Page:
The County Councils Network (CCN) argues that strategic planning should be a major part of future proposals, likely to be put forward in a forthcoming Planning and Infrastructure Bill. This mechanism could be vital in delivering more homes, better infrastructure, and investment zones, county leaders argue.
The call is made in a CCN’s latest chapter of its Five Point Plan for County and Unitary Councils, which is released today.
Alongside advocacy on housing and infrastructure, the report calls for counties to be empowered through bespoke budgets in transport. The report also calls on government to move away from an overly city-focused approach on net zero, and provide county areas with an equitable share of climate change funding and policy focus.
CCN says that the current planning system is too fragmented, and for years infrastructure has not kept pace with development, leading to overcrowding on roads and public services in some parts of the country.
If the government wants to deliver on its twin aims of housebuilding and growth, then strategic planning is a ‘win-win’. It would ensure that county councils, which are responsible for transport, infrastructure, and the delivery of investment zones work more collaboratively with district councils in their areas, which are responsible for housing and planning.
By better joining up the system and empowering county councils by giving them a statutory role in the planning system could help local authorities ‘zoom out’ and pinpoint the best location for new homes across England’s counties, as well as ensuring that new major new development is backed by the right infrastructure – such as new roads, schools, and health centres.
Strategic planning could also help pave the way for investment zones by ensuring that they are well connected and supported by the right infrastructure, meaning they are more likely to be welcomed by local areas and delivered.
Currently, reforms to the planning system are currently included in the Levelling Up and Regeneration Bill, but CCN says they should be removed from that bill and reshaped proposals included in the recently announced Planning and Infrastructure Bill.
If that bill comes forward, CCN says it should include a power in the bill to introduce strategic planning in county areas, where desired.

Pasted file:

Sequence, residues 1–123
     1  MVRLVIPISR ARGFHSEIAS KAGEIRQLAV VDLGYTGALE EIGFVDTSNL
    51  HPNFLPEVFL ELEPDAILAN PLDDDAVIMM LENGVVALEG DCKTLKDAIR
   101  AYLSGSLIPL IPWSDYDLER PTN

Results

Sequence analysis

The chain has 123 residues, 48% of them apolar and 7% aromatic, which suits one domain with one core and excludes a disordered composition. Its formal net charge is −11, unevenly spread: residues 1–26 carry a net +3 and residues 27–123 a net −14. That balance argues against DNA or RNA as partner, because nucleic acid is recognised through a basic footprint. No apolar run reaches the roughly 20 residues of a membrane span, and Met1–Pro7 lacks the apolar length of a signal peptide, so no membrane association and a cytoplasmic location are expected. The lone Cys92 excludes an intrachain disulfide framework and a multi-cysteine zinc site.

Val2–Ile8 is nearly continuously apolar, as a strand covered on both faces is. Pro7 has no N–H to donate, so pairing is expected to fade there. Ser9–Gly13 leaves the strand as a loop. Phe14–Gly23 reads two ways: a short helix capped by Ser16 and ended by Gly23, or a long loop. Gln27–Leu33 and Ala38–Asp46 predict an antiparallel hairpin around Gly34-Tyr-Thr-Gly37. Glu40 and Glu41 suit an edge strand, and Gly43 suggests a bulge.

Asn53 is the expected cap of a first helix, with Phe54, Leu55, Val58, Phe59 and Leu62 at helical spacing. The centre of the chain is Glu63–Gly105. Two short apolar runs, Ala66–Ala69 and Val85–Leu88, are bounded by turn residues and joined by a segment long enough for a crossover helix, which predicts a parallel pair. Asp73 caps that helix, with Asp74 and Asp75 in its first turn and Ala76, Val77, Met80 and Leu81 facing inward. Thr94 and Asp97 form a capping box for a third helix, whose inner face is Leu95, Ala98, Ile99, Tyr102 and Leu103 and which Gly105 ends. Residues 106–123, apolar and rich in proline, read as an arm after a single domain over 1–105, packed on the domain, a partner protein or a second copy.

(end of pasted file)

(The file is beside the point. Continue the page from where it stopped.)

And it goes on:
Strategic planning has not been a formal part of the planning system since the late 2010s, and currently the only informal tool to encourage those councils to work together is the ‘Duty to Co-operate’ – which the previous government was looking to scrap, meaning there would be no mechanism to encourage local councils to work together.
Today’s report includes the following recommendations:
Cllr Roger Gough, Planning and Infrastructure Spokesperson for the County Councils Network said:
“We welcome the prospect of the government bringing forward new proposals to reform the planning system in a forthcoming Planning and Infrastructure Bill. Over a number of years there has been far too much focus on headline housebuilding numbers, rather than on planning as a whole, and on the infrastructure that is needed to make developments viable in the long-term.
“The new bill should contain a power to re-introduce strategic planning into the system, which would be a win-win for a government looking to build more homes and generate economic growth. By giving county councils a renewed role to work collaboratively with district councils in their area, we can come together to plan for houses in the right areas, backed by the necessary infrastructure, and ensure that investment zones get off the ground quickly.
“The County Councils Network has long argued for a collaborative model of strategic planning and form reforms to the developer contributions system. Taken together, these easily implementable reforms could yield significant results in creating better communities and unlocking development.”